Portraiture, Fine Art, & Photography

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Choosing Your Photo

Choosing the right photo for your pencil portrait is vital. The quality and clarity of your photo will influence how much detail I can incorporate in your portrait. A clear, appropriately lit, and focused photo helps me create a realistic portrait.

It can be a challenge to get the perfect picture, especially with group shots. However, I can help you by taking people from several different pictures, and combining them into one pencil portrait. I can also adjust other elements, such as the background, clothes, hair, etc. Please let me know about your special requests.

Photos can be sent by e-mail or postal mail. Sending by e-mail expedites the process. However if you wish to send a photo by mail, I will provide you with the address. When sending by postal mail, please only send copies of photos, not the original. All pictures will be sent back with your pencil portrait.

Please Note:

Photos of nudity or violence, and copyrighted photos will not be accepted. Refusing a portrait on the basis of the photo is left up solely to the discretion of the artist, Nicole I. Hamilton.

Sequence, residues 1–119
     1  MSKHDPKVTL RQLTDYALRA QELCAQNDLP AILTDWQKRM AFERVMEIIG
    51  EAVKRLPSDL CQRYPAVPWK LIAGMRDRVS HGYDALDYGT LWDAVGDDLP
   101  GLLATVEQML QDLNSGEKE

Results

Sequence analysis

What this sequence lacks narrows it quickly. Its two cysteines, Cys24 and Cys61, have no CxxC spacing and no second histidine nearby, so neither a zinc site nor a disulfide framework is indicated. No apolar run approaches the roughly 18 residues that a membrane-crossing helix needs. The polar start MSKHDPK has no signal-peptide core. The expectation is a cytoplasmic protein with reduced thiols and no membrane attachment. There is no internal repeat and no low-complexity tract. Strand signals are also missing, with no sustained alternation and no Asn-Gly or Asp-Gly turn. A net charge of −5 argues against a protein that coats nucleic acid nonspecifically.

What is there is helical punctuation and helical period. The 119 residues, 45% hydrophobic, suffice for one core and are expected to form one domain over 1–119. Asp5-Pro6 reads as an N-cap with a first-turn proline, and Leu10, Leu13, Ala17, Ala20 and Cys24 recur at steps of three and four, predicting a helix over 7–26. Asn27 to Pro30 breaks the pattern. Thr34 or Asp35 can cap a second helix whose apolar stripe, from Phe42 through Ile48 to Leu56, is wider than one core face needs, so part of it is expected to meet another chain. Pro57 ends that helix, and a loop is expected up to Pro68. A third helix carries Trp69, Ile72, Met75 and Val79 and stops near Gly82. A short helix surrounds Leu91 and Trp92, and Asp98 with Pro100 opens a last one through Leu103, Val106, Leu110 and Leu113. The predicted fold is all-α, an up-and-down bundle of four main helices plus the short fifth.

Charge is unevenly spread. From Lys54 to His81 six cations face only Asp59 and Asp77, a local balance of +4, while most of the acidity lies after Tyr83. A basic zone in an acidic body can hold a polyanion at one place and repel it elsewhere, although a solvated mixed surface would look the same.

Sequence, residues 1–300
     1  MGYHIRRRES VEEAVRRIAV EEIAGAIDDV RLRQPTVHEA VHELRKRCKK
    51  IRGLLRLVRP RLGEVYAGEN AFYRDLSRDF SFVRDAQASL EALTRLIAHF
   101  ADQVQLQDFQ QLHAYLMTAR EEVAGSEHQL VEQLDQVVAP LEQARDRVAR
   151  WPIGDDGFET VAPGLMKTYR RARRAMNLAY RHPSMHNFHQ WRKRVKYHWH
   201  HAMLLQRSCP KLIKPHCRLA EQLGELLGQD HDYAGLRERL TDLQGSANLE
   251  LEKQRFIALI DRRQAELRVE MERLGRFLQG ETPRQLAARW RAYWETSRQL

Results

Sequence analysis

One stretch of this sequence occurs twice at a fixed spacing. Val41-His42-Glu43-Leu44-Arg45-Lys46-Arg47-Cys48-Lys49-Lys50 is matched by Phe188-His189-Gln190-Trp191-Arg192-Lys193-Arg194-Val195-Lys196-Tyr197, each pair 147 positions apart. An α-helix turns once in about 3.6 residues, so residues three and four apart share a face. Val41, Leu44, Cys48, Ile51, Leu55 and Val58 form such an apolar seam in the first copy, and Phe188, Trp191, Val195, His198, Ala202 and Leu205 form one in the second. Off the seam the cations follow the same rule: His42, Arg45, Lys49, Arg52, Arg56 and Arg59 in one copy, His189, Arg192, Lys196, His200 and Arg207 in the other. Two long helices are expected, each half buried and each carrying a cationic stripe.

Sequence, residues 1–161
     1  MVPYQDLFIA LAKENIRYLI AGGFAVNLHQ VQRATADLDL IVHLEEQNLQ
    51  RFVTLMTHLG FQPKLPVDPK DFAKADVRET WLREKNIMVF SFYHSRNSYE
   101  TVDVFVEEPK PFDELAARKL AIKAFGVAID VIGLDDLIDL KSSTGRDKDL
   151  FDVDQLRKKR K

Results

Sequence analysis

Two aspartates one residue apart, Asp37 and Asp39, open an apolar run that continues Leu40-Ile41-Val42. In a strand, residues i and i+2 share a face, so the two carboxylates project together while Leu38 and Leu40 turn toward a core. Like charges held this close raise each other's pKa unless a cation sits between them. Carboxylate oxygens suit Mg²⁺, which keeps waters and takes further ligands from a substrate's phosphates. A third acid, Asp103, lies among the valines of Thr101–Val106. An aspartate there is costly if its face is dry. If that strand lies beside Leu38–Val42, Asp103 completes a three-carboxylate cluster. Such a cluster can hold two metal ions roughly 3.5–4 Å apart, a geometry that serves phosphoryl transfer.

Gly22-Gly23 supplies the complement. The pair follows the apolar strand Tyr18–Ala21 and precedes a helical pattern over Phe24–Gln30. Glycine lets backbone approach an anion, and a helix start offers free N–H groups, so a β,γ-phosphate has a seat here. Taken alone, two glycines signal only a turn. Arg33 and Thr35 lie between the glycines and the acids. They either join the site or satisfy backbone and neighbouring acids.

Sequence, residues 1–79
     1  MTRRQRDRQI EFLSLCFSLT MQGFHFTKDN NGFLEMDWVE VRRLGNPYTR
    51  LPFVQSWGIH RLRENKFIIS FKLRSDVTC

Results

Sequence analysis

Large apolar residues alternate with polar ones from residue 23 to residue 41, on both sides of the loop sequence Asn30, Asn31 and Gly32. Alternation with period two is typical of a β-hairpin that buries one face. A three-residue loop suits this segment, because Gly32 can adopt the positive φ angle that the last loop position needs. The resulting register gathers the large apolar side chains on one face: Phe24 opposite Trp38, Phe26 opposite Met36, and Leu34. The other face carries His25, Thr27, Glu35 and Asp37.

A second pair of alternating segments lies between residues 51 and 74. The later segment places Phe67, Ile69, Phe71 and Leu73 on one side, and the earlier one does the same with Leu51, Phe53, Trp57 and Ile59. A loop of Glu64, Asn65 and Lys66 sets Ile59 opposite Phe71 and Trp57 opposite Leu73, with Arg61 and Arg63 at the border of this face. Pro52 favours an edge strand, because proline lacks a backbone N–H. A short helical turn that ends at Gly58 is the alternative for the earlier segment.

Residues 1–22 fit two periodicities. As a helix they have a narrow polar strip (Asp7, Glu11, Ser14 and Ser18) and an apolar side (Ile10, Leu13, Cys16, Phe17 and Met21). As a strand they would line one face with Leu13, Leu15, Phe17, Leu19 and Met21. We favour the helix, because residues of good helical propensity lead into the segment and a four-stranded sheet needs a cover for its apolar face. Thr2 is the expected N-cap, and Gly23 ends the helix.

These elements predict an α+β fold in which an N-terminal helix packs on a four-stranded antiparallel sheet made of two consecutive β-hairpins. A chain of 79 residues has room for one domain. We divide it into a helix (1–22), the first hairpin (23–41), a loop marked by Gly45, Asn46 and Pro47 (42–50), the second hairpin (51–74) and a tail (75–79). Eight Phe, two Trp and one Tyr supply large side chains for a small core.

"A photograph never grows old. You and I change, people change all through the months and years but a photograph always remains the same. How nice to look at a photograph of mother or father taken many years ago. You see them as you remember them. But as people live on, they change completely. That is why I think a photograph can be kind."

- Albert Einstein



How to choose the best picture for your pencil portrait:


1. Choose a color or black and white photo where the face size is at least 3.5"x 3.5", and in focus.


2. If possible, never choose a faded, blurry, or grainy photo.
I understand with some older photos it may be an unavoidable issue, especially if it is the only photo of a person, pet, or object available. I can work with you under these circumstances, and try to create a portrait. Keep in mind however, that the size of the portrait and the detail I am able to draw is dependent on the quality of the photo.


Here is an example of a portrait from an older photo, which was the only photo available. Although it was grainy and faded, it was scanned at high quality, so I was able to draw a 9x12 portrait.



3. Choose a photo that is correctly exposed and has good contrast. Do not choose a photo where the subject is "whited out" by the flash or underexposed. Pictures taken in natural light with good contrast work best.


4. Ensure your digital photo is medium to high resolution. Please scan at at least 150 pixels per inch, and ensure the JPEG quality is set to high to prevent blurriness and pixelization.


All content and original art works © Nicole I. Hamilton.

Reproduction or use of any content or works without permission is strictly prohibited.

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